Liquidator eyeing fraudster's estate sale

Saratoga Estate Vineyard has some 25,000 vines planted producing both white and red grape varieties
Saratoga Estate Vineyard has some 25,000 vines planted producing both white and red grape varieties

The sale of a multimillion-dollar Waiheke Island property has drawn interest from the liquidator for two companies that are accused of owing about $120,000 from failed hospitality ventures.

Property records show convicted fraudster David McCabe is one of three owner/occupiers of Saratoga Estate, an 8.4 hectare property across two titles with vineyards, winery, brewing operation, spirit-distilling plant and restaurant.

According to Quotable Value, the other owners of the $3.65 million valued property are Pamela McCabe and Kathryn McCabe.

About 6ha of the Saratoga estate is planted with about 25,000 vines producing a variety of red and white grapes.

The estate website says David McCabe and Pamela McCabe, his wife, bought it in July 2002 "as an additional string to their bow ... "

The property, about 1km from Onetangi beach, is being marketed by Bayleys agent Pat Regan.

Mr Regan says with careful management the wines produced there could generate the kind of worldwide acclaim enjoyed by those from leading Waiheke vineyards, including Mudbrick and Stonyridge.

The marketing campaign finishes this month with Bayleys confident it will sell for its official valuation.

The sale has drawn interest from the liquidator for companies that owned Auckland nightspots Margaritas and Crow Bar, once a celebrity hangout visited by U2 singer Bono.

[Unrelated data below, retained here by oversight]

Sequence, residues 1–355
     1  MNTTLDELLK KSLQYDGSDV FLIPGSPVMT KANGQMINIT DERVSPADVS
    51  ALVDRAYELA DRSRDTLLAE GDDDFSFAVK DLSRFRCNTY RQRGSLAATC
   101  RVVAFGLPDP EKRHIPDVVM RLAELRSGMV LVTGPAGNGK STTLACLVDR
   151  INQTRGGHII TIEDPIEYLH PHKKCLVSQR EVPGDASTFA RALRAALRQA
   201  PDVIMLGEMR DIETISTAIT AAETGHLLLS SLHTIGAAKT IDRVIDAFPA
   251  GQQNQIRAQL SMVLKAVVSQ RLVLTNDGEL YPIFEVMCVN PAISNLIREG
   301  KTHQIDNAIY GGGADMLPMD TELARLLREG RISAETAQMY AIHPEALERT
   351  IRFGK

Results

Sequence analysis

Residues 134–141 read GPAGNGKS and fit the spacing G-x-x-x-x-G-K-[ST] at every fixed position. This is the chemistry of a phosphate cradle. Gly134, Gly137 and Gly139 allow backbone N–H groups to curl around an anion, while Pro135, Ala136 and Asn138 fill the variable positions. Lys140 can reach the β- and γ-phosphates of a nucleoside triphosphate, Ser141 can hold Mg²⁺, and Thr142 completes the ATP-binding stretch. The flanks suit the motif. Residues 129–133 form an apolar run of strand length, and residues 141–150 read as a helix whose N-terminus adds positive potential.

Sunset Entertainment Ltd, which owned Margaritas, and Club Crow Bar Ltd, which owned Crow Bar, went into liquidation last year. Liquidator Simon Dalton, from Gerry Rea Partners, said together they owed about $120,000.

American David McCabe owned 40 per cent of the shares in Sunset.

According to the Companies Office website the sole director of both companies was Megan McCabe, David and Pamela's daughter.

Mr Dalton said she had gone to America after attempts to have her declared bankrupt.

However, Mr Dalton said he would scrutinise any payments Club Crow Bar Ltd made to Saratoga Estate in case they could be deemed unfair.

If that was the case, the sale of the estate could partially fund repayments to creditors.

"Without [the financial records] we can't confirm if [payments to Saratoga Estate] were for purchasing wine. They may be completely legitimate," Mr Dalton said.

"We have an obligation to look at all avenues that are in the best interests of creditors. If there is something there that we believe is worthwhile looking at [it will be investigated]."

Mr Dalton said he was also attempting to investigate $470,000 of payments from Club Crow Bar Ltd to Green Grass Ltd, of which David McCabe was sole director and shareholder.

David McCabe was defending the payments but blocking access to financial records and the matter was before the courts.

"We have the bank statements ... and there were items on there that raised suspicion," Mr Dalton said.

"Without company records it's quite difficult [to prove the money was paid unfairly]."

Attempts to contact David McCabe were unsuccessful and his lawyer declined to comment.

He was convicted in 2010 after passing off spirits brewed at Saratoga as branded alcohol and selling them to drinkers at Margaritas and the Hot Lava Bar in Ohakune.

Reports at the time said he was arrested at Auckland airport as he was about to board a flight to his homeland.

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